jQuery.validator.addMethod("equaltoproperty", function (value, element, params) {
    if (this.optional(element)) {
        return true;
    }

    var otherPropertyControl = $("#" + params.otherProperty);
    if (otherPropertyControl == null) {
        return false;
    }

    var otherPropertyValue = otherPropertyControl[0].value;
    return otherPropertyValue == value;
});

function testConditionEqual(element, params) {
    var otherPropertyControl = $("#" + params.otherProperty);
    if (otherPropertyControl == null) {
        return false;
    }

    var otherPropertyValue;
    if (otherPropertyControl[0].type == "checkbox") {
        otherPropertyValue = (otherPropertyControl[0].checked) ? "True" : "False";
    } else {
        otherPropertyValue = otherPropertyControl[0].value;
    }

    return otherPropertyValue == params.comparand;
}

And the final step is to register our new attribute with MVC. We do this in Global.asax Application_Start method like this:

DataAnnotationsModelValidatorProvider.RegisterAdapter(typeof(EqualToPropertyAttribute),
                                                      typeof(EqualToPropertyValidator));
 

Example

The example code is here CrossFieldValidation.

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Exception in WCF Service (HRESULT: 0x80131045)

August 2nd, 2010 by David Bending No comments »

I couldn’t understand why I could call my WCF service from WcfTestClient, but when I hit it with integration tests built using the unit test framework I got this message:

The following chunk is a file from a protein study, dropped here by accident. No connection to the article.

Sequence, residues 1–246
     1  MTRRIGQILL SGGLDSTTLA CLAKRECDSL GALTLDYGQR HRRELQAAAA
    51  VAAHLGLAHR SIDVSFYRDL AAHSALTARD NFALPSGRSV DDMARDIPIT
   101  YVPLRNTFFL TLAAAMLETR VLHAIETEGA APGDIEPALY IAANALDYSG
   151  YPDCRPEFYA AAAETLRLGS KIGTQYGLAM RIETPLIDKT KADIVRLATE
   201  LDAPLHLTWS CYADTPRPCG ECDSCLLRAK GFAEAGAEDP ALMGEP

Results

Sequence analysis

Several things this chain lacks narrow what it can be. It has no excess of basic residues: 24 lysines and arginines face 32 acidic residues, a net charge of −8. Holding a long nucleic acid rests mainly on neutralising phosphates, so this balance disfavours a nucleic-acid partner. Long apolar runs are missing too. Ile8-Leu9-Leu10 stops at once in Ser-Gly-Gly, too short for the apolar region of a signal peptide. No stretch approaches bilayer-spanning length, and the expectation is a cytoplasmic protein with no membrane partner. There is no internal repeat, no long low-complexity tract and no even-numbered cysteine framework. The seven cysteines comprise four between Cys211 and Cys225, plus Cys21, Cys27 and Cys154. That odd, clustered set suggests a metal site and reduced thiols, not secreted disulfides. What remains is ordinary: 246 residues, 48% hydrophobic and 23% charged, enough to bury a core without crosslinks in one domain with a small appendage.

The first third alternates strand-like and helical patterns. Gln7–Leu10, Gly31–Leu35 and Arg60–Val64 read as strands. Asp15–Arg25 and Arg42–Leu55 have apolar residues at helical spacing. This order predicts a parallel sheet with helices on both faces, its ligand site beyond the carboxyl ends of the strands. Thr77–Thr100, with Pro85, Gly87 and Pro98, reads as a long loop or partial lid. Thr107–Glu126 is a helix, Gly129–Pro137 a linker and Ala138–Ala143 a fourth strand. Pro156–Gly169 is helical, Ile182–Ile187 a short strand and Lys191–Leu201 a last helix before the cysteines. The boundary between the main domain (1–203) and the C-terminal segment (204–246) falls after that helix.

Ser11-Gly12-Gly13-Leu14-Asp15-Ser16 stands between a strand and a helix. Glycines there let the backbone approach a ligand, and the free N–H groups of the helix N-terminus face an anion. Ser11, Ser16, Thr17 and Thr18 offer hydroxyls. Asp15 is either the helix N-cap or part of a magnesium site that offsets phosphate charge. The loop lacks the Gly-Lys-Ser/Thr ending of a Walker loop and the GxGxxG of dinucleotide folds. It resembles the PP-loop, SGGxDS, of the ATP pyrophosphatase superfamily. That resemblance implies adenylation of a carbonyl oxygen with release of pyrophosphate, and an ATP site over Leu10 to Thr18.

Test method Lookup.IntegrationTests.HttpLabelTests.GetLabel threw exception:
System.ServiceModel.ProtocolException: The content type text/html; charset=utf-8 of the response message does not match the content type of the binding (text/xml; charset=utf-8). If using a custom encoder, be sure that the IsContentTypeSupported method is implemented properly. The first 1024 bytes of the response were: '<html>
    <head>
        <title>Could not load file or assembly 'Microsoft.Practices.EnterpriseLibrary.Common' or one of its dependencies. Strong name signature could not be verified. &nbsp;The assembly may have been tampered with, or it was delay signed but not fully signed with the correct private key. (Exception from HRESULT: 0x80131045)</title>
        <style>
         body {font-family:"Verdana";font-weight:normal;font-size: .7em;color:black;}
         p {font-family:"Verdana";font-weight:normal;color:black;margin-top: -5px}
         b {font-family:"Verdana";font-weight:bold;color:black;margin-top: -5px}
         H1 { font-family:"Verdana";font-weight:normal;font-size:18pt;color:red }
         H2 { font-family:"Verdana";font-weight:normal;font-size:14pt;color:maroon }
         pre {font-family:"Lucida Console";font-size: .9em}
         .marker {font-weight: bold; color: black;text-decoration: none;}
         .version {color: gray;}
         .error {margin-bottom: 10px;}
         .expandabl'. ---> System.Net.WebException: The remote server returned an error: (500) Internal Server Error.

The answer is CodeCoverage.  By default Visual Studio 2010 tries to measure coverage for every assembly in the service bin.  To avoid the problem turn this off, and add coverage for each assembly you are interested in individually.